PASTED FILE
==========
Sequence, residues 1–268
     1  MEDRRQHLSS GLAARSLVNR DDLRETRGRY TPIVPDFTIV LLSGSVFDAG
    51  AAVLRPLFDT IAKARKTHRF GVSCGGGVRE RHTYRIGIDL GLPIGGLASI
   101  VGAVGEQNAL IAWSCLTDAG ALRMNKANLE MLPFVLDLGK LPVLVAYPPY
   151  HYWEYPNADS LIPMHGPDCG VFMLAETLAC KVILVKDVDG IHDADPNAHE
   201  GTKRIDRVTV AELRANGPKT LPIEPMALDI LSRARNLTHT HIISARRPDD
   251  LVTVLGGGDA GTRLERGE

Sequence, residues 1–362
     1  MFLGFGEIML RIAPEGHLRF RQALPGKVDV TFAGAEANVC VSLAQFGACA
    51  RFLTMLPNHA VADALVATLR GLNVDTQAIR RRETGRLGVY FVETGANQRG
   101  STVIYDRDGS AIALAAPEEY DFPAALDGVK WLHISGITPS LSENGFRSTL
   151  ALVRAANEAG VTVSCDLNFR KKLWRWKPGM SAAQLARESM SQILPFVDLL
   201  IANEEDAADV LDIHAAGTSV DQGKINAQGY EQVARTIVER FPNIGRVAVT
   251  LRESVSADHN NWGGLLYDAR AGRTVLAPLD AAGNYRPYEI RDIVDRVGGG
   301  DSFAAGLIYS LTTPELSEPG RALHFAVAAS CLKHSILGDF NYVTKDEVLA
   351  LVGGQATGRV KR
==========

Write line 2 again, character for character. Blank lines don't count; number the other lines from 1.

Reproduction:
     1  MEDRRQHLSS GLAARSLVNR DDLRETRGRY TPIVPDFTIV LLSGSVFDAG